CoatingsPro Magazine

JUL 2018

CoatingsPro offers an in-depth look at coatings based on case studies, successful business operation, new products, industry news, and the safe and profitable use of coatings and equipment.

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Page 20 of 68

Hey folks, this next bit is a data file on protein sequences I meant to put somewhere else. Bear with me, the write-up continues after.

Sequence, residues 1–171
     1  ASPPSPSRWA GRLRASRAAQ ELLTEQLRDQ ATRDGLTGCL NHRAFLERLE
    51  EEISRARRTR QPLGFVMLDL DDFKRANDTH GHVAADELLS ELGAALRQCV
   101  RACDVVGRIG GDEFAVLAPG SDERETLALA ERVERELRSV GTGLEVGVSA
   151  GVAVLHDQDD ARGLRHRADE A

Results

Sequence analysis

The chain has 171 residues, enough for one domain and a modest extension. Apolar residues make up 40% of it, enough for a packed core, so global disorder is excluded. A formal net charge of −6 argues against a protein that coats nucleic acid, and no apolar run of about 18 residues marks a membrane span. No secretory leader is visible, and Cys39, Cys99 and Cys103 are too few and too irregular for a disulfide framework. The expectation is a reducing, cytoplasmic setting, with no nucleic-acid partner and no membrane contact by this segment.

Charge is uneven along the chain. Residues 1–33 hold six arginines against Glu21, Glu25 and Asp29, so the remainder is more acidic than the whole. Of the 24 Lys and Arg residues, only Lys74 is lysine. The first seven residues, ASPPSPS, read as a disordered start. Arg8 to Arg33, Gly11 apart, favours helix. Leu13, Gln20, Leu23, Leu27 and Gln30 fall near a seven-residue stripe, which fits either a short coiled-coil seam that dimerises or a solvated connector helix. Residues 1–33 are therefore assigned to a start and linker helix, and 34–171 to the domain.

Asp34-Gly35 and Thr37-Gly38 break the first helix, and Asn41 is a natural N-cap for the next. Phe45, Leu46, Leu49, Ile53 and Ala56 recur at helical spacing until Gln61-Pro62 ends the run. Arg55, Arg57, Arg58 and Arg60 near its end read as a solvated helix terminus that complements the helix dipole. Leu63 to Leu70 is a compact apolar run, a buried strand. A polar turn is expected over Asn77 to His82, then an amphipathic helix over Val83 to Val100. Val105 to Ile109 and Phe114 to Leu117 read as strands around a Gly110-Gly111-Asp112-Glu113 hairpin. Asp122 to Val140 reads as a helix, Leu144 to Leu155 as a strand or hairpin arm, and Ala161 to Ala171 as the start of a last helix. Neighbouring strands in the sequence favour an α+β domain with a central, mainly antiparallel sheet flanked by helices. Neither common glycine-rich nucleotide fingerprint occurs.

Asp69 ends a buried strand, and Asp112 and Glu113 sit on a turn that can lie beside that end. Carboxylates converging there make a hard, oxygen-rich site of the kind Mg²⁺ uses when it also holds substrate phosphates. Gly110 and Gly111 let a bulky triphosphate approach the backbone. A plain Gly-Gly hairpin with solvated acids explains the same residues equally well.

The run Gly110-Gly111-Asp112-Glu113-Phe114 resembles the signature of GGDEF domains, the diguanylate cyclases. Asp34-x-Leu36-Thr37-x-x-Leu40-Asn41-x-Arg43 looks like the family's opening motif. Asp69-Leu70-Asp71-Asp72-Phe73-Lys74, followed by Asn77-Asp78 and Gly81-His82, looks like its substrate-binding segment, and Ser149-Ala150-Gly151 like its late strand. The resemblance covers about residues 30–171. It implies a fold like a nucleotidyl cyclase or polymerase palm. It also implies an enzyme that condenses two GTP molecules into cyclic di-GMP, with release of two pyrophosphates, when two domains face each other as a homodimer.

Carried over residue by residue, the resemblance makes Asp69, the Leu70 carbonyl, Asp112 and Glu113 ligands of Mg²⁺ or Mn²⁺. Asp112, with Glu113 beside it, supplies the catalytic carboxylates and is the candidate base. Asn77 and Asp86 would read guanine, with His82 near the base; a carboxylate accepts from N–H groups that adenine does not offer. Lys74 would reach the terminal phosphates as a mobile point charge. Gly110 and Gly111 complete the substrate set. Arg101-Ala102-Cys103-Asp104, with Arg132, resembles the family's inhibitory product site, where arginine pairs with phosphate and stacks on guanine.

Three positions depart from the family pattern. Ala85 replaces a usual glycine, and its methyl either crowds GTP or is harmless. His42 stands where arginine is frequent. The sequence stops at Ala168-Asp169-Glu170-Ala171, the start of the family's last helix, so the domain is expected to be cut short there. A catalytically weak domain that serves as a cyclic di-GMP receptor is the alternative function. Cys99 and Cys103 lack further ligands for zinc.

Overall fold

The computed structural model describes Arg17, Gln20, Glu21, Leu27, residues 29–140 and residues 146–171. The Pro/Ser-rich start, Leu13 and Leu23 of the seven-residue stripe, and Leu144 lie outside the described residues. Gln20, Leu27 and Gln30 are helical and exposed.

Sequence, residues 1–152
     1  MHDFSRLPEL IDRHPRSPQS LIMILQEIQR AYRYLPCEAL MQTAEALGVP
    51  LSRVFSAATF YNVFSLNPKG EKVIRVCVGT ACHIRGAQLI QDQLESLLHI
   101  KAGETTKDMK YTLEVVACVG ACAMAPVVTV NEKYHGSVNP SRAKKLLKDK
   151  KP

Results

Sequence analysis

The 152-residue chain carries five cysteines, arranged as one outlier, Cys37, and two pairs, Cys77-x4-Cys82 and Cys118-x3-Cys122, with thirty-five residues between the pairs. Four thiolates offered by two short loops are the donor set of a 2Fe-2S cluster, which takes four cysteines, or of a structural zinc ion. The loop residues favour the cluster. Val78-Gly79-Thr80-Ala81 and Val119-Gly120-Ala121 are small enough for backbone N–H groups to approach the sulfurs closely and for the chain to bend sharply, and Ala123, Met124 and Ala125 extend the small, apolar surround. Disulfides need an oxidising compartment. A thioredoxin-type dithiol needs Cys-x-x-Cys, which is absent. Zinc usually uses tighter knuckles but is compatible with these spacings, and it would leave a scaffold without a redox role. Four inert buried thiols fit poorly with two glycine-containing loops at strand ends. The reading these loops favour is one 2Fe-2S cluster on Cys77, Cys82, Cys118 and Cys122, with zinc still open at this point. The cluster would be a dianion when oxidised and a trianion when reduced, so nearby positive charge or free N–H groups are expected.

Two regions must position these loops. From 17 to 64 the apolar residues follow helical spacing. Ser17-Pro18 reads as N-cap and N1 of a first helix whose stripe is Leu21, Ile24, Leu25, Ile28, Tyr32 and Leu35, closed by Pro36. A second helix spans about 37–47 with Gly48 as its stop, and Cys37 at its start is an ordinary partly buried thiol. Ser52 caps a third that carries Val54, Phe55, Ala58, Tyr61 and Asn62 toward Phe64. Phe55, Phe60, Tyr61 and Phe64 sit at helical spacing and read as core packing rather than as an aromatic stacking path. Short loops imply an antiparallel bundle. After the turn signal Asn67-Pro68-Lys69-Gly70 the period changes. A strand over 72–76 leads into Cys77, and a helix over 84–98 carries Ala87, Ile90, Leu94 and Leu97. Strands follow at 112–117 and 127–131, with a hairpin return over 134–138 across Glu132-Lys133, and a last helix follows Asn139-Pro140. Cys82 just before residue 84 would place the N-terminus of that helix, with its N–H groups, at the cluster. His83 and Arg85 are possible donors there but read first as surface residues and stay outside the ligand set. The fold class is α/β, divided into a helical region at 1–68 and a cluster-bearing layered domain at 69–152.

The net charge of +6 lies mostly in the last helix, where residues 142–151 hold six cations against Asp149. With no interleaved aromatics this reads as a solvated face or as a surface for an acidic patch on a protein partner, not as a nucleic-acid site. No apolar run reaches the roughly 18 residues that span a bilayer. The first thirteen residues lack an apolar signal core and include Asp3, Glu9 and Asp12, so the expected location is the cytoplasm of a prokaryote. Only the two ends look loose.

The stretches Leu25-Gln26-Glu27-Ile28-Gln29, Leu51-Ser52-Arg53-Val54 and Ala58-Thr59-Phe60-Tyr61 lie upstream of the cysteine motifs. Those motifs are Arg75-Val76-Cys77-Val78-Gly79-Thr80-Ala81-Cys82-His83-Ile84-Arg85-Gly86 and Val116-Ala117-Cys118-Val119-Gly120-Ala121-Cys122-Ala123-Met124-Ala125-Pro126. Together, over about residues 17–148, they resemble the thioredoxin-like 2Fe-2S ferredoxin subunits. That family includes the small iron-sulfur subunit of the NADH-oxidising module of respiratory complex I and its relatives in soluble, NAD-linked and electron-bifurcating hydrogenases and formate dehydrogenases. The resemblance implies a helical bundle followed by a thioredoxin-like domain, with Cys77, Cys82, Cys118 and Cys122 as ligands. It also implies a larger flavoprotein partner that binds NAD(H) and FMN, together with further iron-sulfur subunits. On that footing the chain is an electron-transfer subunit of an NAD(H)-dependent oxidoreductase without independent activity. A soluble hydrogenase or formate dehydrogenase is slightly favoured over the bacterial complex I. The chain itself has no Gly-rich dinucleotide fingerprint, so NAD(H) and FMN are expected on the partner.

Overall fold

20 JULY 2018 COATINGSPROMAG.COM T oo often, I've come across a beautifully finished floor that appears to meet the customer's needs with regard to aesthetics and function, but it has one fatal flaw: It's slippery. Many resinous f looring installers simply don't grasp the importance of producing a finished product with adequate slip resistance, nor do they understand the liability they're poten- tially exposing themselves to. From my experience, it's fairly common for both the facility owner and the instal- lation contractor to be named in slip and fall lawsuits. So, what can you do to protect your application company from this poten- tial liability and ensure the safety of end users? You need to have a thorough understanding of the environment where you'll be installing the system as well as a general understanding of the standards that dictate how slip resistance is measured and what is considered safe. Learning the Lingo To start, you should learn the basic background, including the vocabulary, test methods, and equipment used to measure slip resistance. is knowledge will help you better communicate with your customer about slip resistance and relay critical information impacting the safety of those who will use the floor. Familiarize yourself with the following: • Static Coefficient of Friction (SCOF): Until recently, this had been the most common coefficient of friction measured on a finished flooring system. It's a measurement of the slip of a non-moving pedestrian on a wet or dry floor. However, this has proven to be an unreliable measure- ment for safety. Think about it… how often does someone who is not moving slip and fall on a floor? • Dynamic Coefficient of Friction (DCOF): DCOF is quickly becom- ing the new go-to standard for the measurement of slip resistance in the flooring industry. This is a measurement of the slip of a moving pedestrian on a dry or wet, soapy floor. The liquid solution used in the wet test is a mix of water and a surfactant (soap-like residue). • Tribometer: This refers to any instrument that measures friction in sliding. All of the pieces of equip- ment used to test the coefficients of friction, including SCOF and DCOF, are tribometers. Before Selling a Project Once you understand the basic infor- mation about slip resistance, you'll need to consider several details regard- ing each specific project. W hen selling a project, ask these questions prior to recommending a flooring system: • Is the project interior or exterior? • Will it be exposed to things that could potentially make it slippery, such as water, animal fats, grease, or oil? • Is the floor flat or sloped? • What type of traffic will the floor be exposed to (e.g., fork lifts and workers pushing carts, or pedestri- ans in leather-soled shoes and high heels)? • What is the cleaning procedure the end user will follow, including the method and frequency? Once you understand these variables, you can adequately assess the floor and determine the necessary slip resistance for your recommendation. Understanding Government Regulations ere are many questions and misper- ceptions regarding which standards flooring contractors should follow when it comes to slip resistance. To start, which government agencies set the standards? Is it the Occupational Safety and Health Administration (OSHA), the Department of Justice (DOJ) Civil Rights Division via the Americans with Disabilities Act (ADA), the International Building Council (IBC), or the American National Standards Institute (ANSI)? Most of us have been under the impression that OSHA and/ or the DOJ set the standards. But that's actually not the case. Both OSH A and the DOJ have made SCOF recommendations in the past for level f loors and ramps. With OSH A , the recommendation was a SCOF of 0.5, but there is no specific recommendation for ramps other than the following statement: "A higher COF may be necessar y for certain work tasks, such as carr y ing objects, pushing or pulling objects, or walking up or down ramps." The DOJ used to recommend a SCOF of 0.6 for level f loors and 0.8 for ramps, yet the organization has since withdrawn these recommendations. Moreover, the ASTM International standards for in situ testing that both agencies once referenced have since been withdrawn. Currently, A NSI is the only agency with standards that are widely used and accepted by United States construction and regulator y agencies. T he two A NSI tests that are relevant Notes From the Field Notes From the Field By Daniel Owen, Vice President, Flooring Systems, ICP Construction What You Need to Know About Slip Resistance for Floors

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